It’s no surprise that a whole cottage industry has sprung up around the late David Foster Wallace. The author, famous for non-fiction but renowned for his much more demanding fiction, hasn’t been with us for over six years, now. Since his untimely death, an avalanche of critical approaches, ephemera collections, and a biography have been made available for readers. Sadly, the man’s passing, eclipsing the impact of his work, has been the key driver for this expanding library.
Divorcing Wallace from his work is more difficult than it is with other authors. Due to how strongly Wallace’s personality is associated with his writing, postmodern notions of the author’s death are, partially, refuted. That seems fitting for an author constantly straining against the limits of both American modernism and postmodernism, striving to spawn the ineffable post-postmodern (or, whatever) moment we inhabit, one becomes awash in prefixes.
David Foster Wallace and “The Long Thing”, edited by Marshall Boswell, focuses on Wallace’s later work, namely the unfinished novel, The Pale King. Though there’s a smattering of essays focusing on his earlier work, it’s this final product that dominates much of this critical collection. Divided into two halves, examining Wallace as a novelist and then the novels themselves, the very structure of the book reinforces the tangled overlaps between Wallace the fiction writer, DFW the essayist, and Dave the man.
Considering that Wallace only completed two novels in his lifetime (with the posthumous The Pale King as a somewhat third), a critical edition about Wallace as novelist might seem like an exercise in bottom scraping. But it’s not. Considering the richness and the denseness of Wallace’s “long things”, including The Broom of the System, but especially Infinite Jest, this single volume is overflowing with diverse content and view points, all without giving the impression of a well running dry
Despite a much more prolific career as a short story writer and essayist, Wallace was deeply concerned with the function and importance of novels in contemporary America. This was clearly on display when he ruminated on the role fiction plays in overcoming loneliness, a dominating theme of his. The book cites an interview between Wallace and Salon’s Laura Miller:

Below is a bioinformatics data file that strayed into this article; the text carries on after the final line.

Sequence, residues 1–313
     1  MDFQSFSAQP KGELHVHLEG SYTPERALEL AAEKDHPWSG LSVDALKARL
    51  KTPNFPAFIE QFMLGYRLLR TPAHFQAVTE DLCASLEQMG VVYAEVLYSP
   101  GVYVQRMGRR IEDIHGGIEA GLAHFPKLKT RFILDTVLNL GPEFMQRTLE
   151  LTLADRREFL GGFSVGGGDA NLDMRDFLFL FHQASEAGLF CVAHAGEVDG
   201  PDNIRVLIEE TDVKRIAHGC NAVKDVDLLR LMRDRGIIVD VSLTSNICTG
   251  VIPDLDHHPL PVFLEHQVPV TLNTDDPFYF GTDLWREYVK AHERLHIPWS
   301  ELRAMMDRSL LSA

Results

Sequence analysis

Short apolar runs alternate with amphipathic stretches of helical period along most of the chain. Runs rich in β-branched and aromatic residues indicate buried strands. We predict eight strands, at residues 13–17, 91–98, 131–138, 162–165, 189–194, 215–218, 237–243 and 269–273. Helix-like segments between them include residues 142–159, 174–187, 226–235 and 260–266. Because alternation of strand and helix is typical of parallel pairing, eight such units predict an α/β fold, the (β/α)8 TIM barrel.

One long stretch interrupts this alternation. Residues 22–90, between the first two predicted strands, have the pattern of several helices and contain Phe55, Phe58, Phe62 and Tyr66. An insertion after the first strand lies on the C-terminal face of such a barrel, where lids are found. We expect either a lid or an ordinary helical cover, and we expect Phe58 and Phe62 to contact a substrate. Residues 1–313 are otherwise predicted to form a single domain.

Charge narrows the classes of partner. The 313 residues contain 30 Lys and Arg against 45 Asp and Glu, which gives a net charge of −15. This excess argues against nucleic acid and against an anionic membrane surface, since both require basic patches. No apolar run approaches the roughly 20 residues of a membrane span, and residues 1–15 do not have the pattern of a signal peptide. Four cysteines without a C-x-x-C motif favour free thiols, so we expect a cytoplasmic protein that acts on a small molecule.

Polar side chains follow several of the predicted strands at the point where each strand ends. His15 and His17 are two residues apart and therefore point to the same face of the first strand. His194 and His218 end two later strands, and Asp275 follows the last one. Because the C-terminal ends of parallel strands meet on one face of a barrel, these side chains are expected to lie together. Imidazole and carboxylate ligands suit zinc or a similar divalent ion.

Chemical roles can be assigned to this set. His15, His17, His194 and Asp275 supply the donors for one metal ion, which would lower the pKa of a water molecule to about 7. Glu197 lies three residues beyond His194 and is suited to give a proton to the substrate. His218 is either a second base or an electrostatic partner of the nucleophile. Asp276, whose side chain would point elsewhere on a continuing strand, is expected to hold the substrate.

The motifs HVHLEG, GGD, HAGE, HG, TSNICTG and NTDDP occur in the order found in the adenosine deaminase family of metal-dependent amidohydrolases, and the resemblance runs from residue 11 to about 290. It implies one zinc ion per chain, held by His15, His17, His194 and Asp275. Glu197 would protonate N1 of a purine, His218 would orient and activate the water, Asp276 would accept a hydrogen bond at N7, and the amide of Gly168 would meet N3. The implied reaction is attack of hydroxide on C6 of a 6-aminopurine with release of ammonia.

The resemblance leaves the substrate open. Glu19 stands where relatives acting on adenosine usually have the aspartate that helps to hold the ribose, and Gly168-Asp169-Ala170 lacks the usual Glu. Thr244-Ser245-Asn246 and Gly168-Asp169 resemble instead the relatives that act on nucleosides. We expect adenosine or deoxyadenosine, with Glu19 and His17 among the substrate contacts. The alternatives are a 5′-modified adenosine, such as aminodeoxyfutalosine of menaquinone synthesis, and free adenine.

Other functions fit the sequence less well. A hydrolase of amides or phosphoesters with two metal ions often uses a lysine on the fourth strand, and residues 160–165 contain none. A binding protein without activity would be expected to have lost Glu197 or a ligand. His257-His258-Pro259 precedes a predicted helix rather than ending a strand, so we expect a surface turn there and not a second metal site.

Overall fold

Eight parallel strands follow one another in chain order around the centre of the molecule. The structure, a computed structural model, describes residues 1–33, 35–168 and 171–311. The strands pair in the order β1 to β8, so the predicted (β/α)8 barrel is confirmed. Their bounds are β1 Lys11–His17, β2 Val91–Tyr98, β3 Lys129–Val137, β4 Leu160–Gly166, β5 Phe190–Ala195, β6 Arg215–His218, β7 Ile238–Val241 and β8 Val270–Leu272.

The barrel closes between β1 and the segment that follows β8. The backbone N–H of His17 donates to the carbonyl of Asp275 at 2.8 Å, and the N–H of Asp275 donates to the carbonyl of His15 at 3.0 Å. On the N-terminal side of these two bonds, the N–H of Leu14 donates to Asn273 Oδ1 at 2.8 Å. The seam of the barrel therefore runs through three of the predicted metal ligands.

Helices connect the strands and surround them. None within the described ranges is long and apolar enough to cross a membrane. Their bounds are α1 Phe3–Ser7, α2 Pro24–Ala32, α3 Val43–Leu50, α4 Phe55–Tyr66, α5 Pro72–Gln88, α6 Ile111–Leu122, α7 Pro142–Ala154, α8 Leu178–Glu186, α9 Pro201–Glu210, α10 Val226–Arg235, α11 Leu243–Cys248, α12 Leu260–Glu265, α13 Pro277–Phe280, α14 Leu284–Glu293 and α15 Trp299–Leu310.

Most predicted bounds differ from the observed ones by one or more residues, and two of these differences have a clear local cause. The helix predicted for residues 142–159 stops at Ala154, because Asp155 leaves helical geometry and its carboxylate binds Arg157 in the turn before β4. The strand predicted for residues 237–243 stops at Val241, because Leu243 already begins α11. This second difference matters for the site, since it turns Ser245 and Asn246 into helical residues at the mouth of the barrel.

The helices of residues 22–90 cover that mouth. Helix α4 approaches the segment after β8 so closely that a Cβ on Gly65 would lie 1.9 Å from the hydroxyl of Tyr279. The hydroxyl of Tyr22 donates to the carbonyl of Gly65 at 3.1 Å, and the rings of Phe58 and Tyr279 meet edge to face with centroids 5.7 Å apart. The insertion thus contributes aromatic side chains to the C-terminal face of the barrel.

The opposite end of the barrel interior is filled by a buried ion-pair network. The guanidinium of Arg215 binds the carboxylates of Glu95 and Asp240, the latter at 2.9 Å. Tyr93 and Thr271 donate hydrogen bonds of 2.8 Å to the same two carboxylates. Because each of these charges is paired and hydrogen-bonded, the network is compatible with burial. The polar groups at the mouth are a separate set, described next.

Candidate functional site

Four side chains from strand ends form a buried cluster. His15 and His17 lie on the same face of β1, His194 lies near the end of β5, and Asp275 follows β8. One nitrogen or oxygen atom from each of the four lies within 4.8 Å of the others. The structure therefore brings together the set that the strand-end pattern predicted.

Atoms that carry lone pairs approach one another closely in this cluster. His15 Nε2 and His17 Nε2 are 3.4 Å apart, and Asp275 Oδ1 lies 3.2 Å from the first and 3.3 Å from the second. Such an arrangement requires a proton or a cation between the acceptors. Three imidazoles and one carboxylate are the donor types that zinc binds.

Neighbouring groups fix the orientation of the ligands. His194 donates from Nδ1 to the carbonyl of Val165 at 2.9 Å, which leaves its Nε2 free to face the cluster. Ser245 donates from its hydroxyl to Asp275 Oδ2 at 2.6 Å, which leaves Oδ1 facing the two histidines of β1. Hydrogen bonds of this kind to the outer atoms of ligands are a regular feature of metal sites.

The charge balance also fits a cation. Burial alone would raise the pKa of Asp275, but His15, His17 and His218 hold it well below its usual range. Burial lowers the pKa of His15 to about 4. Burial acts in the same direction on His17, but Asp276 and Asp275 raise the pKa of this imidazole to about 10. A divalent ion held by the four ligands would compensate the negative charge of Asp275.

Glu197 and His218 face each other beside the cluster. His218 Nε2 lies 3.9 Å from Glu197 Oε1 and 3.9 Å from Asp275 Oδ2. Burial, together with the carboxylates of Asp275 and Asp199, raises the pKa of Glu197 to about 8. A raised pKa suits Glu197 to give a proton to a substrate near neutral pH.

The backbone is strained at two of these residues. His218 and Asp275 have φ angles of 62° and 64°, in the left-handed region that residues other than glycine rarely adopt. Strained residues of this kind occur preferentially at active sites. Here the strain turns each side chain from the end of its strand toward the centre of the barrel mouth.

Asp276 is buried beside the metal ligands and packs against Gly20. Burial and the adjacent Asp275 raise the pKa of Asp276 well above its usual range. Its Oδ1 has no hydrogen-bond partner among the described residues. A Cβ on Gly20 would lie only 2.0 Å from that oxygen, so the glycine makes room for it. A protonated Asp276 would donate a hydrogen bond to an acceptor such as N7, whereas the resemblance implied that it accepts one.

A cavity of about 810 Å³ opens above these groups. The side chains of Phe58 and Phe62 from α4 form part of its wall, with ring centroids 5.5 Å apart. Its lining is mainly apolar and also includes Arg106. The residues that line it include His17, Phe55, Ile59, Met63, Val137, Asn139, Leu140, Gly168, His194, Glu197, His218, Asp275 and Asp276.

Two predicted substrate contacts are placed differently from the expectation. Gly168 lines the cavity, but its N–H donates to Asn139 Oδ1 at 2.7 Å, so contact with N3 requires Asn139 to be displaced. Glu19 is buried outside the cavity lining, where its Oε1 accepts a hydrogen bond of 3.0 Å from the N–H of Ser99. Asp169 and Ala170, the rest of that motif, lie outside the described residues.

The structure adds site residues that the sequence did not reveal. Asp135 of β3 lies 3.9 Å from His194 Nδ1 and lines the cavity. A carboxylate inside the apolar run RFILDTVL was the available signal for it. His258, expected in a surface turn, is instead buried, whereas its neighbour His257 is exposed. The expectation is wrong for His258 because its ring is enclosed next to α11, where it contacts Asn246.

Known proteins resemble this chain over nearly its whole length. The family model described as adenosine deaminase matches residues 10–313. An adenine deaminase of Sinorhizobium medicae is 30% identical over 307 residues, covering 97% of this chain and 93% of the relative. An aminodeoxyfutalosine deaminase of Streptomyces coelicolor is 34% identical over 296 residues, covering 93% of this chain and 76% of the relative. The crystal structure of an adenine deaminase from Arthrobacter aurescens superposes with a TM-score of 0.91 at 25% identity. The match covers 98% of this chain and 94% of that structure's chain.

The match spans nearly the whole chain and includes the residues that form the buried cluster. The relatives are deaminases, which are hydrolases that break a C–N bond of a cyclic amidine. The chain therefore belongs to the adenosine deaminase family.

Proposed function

There is this existential loneliness in the real world. I don’t know what you’re thinking or what it’s like inside you and you don’t know what it’s like inside me. In fiction I think we can leap over that wall itself in a certain way. But that’s just the first level… A really great piece fiction for me may or may not take me away and make me forget that I’m sitting in a chair. [But] there’s a kind of Ah-ha! Somebody at least for a moment feels about something or sees something the way that I do.
It’s no wonder Wallace gets so mixed up with his work. Perhaps that’s what makes his writings so endearing to a loving fan base of like-minded souls.
That’s what makes this text, likewise, endearing. Each writer clearly has an affinity for Wallace as writer and Wallace as mock-philosopher. While critical editions can often seem cold and clinical, this one is less so. Perhaps that comes from the unique focus, examining the writer prior to his death.
Partly the reason the literary tourist trade around Wallace’s legacy has become so prevalent is that his specter haunts all contemporary discussions of the author. Whether it’s a biography from D. T. Max, an essay by Jonathan Franzen, a collection of interviews, or the impending The End of the Tour, a film adaptation of Wallace’s time with David Lipsky, the man and the work are fused in our minds, molded together. At this point, it’s often difficult to separate the two, a task not even attempted by this book.
But that’s not terrible. Writing is an incredibly revealing act. It’s rather like undressing before an audience. You end up revealing bits of yourself, both private and not. To begin to understand Wallace, and this book, one need only remember the title of Lipsky’s biography of Wallace:
Through writing, of course, Wallace became himself. Or, at least, the self we know. That’s what this critical collection gets at. Instead of trying to focus exclusively on the author’s work, the two become intermingled. In a way, just below the level of explanations of ekphrasis and the moral worldview of IRS agents, this text reads like biography.
David Foster Wallace and “The Long Thing” is a fine addition to the expanding critical literature surrounding a monumental author. Instead of trying to divorce the man from his work, it takes the road that does Wallace justice: trying to understand the work that made the man.